Note: “an” ECU and “a” computer processor. This is, of course, consistent with recent NASCAR practice:

[O]nly approved software can be run and [NASCAR] will have special electronic tools at its disposal during every event to ensure the legality of all ECUs.

Any bets on when full Robo-Drivers® will be deployed?

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Not a pyramid scheme

I caught this thread on Fark earlier this week:

Ok. I’m an ass. But, I haven’t watched the news in about month. Who can summarize the Egypt thing in one paragraph?

The departure of Hosni Mubarak — not to be confused with “Hose me, Mubarak,” which really should have been a Falco song — would seem to necessitate a second paragraph. But I admit, I’m just as much overtaken by events. I put this up on Facebook Thursday night, and it’s already obsolete:

Hosni Mubarak, demotivationally

Still, three minutes in Microsoft Paint (!) for a brief jape? I’m okay with that.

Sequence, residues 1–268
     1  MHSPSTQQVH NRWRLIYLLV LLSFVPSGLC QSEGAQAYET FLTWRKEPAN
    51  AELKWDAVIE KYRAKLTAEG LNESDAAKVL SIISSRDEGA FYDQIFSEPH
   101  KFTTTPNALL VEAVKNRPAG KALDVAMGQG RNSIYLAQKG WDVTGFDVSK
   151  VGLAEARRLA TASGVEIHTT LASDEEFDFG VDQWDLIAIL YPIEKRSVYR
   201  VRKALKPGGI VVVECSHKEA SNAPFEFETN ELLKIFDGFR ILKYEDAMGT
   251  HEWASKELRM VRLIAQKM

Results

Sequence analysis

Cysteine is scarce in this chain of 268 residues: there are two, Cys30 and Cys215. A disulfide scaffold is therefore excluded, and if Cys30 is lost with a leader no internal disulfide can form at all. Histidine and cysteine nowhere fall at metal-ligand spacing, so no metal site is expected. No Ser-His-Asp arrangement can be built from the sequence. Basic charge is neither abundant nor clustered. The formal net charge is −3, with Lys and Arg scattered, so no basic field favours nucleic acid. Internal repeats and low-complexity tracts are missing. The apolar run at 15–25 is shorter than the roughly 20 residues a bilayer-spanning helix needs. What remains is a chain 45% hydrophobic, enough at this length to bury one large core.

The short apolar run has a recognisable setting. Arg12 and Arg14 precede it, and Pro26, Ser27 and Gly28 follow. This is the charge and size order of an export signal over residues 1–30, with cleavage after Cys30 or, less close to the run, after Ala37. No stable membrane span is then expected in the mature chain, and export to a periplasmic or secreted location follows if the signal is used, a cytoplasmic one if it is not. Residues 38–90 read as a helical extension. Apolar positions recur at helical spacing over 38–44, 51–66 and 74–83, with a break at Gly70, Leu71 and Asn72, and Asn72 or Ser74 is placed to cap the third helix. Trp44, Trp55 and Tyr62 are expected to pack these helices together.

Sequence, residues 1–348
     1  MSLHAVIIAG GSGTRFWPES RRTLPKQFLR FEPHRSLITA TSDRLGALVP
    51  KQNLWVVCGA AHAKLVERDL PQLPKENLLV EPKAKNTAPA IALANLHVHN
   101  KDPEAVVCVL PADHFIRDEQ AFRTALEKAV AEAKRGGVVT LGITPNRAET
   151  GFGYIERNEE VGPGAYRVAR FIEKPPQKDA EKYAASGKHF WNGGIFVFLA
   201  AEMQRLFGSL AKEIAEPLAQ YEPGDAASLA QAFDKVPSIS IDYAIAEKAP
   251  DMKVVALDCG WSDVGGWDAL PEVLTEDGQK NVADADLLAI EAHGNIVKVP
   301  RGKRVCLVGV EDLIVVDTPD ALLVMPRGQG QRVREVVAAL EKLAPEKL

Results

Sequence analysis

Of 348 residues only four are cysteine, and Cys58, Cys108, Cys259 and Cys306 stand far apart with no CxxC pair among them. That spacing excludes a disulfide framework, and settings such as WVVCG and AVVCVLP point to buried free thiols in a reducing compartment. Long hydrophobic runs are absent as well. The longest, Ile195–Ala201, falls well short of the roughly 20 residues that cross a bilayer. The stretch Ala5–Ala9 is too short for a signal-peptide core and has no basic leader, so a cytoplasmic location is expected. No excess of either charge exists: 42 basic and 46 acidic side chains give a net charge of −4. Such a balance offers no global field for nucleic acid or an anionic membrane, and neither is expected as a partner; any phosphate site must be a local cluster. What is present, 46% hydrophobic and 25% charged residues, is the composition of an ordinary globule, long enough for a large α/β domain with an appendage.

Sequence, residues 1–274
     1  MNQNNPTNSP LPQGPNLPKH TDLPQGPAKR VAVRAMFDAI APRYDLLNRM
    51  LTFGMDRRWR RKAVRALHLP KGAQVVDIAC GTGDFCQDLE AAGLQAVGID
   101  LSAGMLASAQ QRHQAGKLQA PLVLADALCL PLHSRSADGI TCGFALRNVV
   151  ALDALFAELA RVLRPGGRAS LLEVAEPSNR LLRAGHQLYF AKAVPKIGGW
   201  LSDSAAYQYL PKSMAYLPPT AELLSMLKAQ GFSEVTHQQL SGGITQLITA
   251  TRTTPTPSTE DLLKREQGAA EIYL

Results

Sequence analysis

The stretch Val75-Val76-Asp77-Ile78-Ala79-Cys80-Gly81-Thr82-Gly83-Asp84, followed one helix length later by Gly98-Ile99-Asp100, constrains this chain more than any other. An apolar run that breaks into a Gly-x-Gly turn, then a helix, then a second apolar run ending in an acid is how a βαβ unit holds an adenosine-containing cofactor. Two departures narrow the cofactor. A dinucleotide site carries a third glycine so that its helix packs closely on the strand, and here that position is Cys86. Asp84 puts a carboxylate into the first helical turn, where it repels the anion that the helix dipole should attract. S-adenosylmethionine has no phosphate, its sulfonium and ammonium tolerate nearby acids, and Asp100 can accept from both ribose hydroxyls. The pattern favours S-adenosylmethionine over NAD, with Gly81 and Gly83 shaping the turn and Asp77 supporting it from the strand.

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Quote of the week

Once in a while, I should probably point out that selection for QOTW doesn’t necessarily mean I endorse whatever it is I’m quoting: occasionally, though admittedly not that often, I’ll put up something with which I have a problem, which thereby gives me the excuse to kvetch about it.

That said, the Friar and I are very much in agreement on this one:

If we’re going to have this many snowstorms of the century during my lifetime, I expect to have at least that many centuries of actual lifetime. To whom do I address this request?

Along those lines, a story once — well, rather a lot more than once, actually — told by a family member: